6 Likes

~28 days is a relatively standard unbonding period and provides the level of economic security needed and reduces the token velocity adequately (is there a way to quantify this beyond an opinion?) You see similar numbers on Polkadot/Substrate-based chains, Cosmos and many other chains.

However, I feel this is also punitive to first-time delegators and given the high level of distribution for GRT, the demographic spectrum is huge and would benefit from some leniency here. Cosmos has an instant redelegation feature that assists in this situation (keep in mind that Cosmos delegators are subject to slashing risk and that plays a major part in making the instant redelegation feature viable):

Technical read on Cosmos Instant Redelegation: State | Cosmos SDK

Easier read:

Cosmos Re-delegation

The 21-day lockup period for those who un-bond their stake in the Cosmos network does not inhibit someone who is already delegating their ATOM to change validators on the fly. They can instantly begin earning rewards with the validator they switch to. However, this feature is different from un-bonding, waiting for 21 days and not earning rewards over that time period and then re-delegating. This is to discourage stickiness and consolidation around validators giving penalty-free options to delegators who want to make a switch.

In this case, within the Lunie app interface, you can choose a different validator than whom you are already delegating to and redirect any amount of your staking balance from one validator to another. This process can only be done once every 21 days.

Source: How cosmos staking works · Lunie

If protocol-viable, something like instant redelegation would address delegator’s initial regrets around their first delegation and also reduce stickiness and indexer consolidation.

3 Likes

I personally think the way this has been implemented is problematic, but maybe I will be proven wrong given enough time. My preference would be to set a rolling freeze window, so delegators can be sure that once I set the freeze window to 28 days, any change I make to the cuts will not be implemented for 28 days. That at least gives them ample time to make a decision on whether they will stick around or not. I’m really interested to hear what people think about the the cooldown mechanism.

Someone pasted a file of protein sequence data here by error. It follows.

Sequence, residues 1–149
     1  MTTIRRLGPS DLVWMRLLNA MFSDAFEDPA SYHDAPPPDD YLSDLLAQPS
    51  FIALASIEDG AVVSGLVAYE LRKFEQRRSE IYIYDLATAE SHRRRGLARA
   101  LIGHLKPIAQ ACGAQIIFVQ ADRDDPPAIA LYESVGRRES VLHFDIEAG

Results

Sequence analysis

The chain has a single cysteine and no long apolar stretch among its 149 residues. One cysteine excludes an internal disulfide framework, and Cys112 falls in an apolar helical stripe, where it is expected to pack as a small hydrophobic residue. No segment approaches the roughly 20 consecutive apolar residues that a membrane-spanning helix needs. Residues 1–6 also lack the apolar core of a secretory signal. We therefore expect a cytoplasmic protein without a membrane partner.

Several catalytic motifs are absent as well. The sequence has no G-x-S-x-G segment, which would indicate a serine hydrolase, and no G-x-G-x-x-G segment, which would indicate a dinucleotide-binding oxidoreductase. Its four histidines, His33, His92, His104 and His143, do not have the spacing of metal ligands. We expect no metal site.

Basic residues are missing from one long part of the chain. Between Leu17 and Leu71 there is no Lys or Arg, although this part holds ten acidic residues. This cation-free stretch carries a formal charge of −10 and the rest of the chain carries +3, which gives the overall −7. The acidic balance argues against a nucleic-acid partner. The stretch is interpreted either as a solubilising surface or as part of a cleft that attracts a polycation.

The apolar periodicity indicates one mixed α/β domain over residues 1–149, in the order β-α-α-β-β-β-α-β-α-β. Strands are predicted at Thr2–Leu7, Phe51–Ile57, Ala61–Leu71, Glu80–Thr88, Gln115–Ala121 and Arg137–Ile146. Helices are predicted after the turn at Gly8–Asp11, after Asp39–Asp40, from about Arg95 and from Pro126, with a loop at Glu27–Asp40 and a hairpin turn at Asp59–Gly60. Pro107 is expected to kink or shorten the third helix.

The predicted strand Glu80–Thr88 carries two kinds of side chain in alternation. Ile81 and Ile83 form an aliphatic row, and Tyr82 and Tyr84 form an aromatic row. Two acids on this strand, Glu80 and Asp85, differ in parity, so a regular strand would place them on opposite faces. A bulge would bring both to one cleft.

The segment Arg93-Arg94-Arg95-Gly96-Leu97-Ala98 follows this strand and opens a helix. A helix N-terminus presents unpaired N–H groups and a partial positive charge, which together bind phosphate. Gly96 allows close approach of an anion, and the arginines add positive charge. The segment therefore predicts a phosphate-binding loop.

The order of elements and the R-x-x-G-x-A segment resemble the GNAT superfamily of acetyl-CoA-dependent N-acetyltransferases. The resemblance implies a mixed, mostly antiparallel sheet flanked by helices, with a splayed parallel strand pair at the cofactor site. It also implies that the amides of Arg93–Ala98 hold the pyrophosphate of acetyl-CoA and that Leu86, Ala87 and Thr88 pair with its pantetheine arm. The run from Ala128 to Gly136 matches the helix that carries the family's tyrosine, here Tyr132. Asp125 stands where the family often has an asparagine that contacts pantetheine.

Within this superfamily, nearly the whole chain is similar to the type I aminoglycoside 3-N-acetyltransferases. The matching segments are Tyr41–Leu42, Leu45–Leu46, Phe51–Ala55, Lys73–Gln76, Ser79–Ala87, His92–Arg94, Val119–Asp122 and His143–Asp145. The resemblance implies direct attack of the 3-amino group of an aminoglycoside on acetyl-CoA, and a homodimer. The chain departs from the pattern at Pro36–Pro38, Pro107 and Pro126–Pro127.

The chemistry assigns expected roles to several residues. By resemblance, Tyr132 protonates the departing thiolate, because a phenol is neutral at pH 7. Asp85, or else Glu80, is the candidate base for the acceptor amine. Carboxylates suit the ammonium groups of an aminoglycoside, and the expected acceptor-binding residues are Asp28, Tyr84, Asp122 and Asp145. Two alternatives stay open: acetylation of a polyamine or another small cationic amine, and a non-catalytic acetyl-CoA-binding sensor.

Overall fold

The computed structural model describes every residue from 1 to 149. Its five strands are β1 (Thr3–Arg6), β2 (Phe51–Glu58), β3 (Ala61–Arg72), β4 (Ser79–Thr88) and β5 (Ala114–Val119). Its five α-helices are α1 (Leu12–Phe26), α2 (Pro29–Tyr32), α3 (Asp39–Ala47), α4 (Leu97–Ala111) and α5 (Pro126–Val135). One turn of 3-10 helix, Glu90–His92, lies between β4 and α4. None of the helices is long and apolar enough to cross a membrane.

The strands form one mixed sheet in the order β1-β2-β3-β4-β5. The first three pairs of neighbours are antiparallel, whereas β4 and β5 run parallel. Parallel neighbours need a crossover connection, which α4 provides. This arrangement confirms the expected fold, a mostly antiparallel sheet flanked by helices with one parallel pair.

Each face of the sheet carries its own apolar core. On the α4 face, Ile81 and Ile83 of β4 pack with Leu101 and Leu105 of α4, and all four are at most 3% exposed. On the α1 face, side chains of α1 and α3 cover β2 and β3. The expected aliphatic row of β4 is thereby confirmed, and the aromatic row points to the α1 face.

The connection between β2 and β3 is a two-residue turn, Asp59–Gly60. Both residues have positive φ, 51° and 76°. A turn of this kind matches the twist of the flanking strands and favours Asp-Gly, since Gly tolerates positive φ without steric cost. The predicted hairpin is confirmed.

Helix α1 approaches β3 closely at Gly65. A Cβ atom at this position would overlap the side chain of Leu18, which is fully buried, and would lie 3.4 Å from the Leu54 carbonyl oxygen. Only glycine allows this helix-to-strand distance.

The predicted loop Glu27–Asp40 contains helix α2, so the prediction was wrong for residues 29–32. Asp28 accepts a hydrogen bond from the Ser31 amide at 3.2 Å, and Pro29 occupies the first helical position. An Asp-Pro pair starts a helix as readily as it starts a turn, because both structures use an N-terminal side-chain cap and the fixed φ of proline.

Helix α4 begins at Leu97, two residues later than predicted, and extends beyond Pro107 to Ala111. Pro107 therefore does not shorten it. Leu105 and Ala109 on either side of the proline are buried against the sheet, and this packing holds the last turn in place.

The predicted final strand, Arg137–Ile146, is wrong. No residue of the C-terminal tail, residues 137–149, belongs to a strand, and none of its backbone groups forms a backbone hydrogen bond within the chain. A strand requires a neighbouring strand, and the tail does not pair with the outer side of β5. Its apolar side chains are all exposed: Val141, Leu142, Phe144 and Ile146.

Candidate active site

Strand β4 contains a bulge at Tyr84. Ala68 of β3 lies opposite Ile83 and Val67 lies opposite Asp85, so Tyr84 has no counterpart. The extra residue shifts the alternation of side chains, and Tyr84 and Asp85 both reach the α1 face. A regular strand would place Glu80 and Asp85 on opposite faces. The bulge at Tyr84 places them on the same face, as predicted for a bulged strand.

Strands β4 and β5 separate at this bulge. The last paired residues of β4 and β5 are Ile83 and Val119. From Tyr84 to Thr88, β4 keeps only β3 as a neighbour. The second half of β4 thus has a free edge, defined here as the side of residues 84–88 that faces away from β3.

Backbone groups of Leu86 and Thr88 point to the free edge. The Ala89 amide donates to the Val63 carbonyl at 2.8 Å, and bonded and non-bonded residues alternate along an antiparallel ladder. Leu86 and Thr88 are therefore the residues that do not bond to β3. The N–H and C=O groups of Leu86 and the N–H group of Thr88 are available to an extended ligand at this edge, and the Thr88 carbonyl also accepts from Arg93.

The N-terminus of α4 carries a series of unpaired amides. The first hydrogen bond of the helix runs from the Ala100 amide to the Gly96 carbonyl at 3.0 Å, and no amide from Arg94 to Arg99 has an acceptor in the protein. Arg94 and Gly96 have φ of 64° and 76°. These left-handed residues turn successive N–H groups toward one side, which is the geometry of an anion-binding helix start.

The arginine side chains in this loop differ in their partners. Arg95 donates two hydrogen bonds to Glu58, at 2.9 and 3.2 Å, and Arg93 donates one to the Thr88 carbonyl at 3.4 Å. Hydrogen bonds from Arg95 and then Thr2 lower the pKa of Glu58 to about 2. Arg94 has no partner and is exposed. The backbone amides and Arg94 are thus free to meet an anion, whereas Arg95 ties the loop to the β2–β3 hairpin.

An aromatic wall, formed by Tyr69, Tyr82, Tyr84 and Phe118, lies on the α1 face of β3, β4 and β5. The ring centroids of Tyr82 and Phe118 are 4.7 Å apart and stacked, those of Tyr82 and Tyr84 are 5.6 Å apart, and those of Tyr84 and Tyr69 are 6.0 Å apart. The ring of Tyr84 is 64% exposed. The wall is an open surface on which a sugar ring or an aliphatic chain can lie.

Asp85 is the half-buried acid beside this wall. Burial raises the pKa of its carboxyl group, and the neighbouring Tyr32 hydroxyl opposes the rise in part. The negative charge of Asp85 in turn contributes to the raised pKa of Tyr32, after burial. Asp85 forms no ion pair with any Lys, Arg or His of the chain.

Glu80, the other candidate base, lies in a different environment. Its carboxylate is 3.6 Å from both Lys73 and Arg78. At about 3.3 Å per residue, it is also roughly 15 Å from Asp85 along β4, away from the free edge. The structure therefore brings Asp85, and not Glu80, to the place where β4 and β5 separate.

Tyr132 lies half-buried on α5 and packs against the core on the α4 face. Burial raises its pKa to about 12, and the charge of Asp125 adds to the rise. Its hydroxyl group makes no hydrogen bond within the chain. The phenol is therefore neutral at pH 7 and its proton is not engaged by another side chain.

4 Likes

The cooldown has the function to give delegators confidence ? (Currently doesn’t protect them.) So why not make it that cut % can only be changed after closing the allocation, basically cue it until that happens ? Once an existing allocation closes, rewards get distriubted at the previous % cut. And new allocations get opened with the new % cut.

Immediately triggering closing & reopening allocations could have unintended consequences, e.g. gas wasted if you wanted to change allocation amounts.
The cueing approach also works if you want to wait for automatic allocation renewal and allows you to react to promptly.

It might however be complex to implement, especially if more subgraphs get indexed, as it basically requires % cut to be attached to allocation ids (i think).

2 Likes

Great feedback so far! A lot of useful color to the existing items above. Looking forward to what others add.

If protocol-viable, something like instant redelegation would address delegator’s initial regrets around their first delegation and also reduce stickiness and indexer consolidation.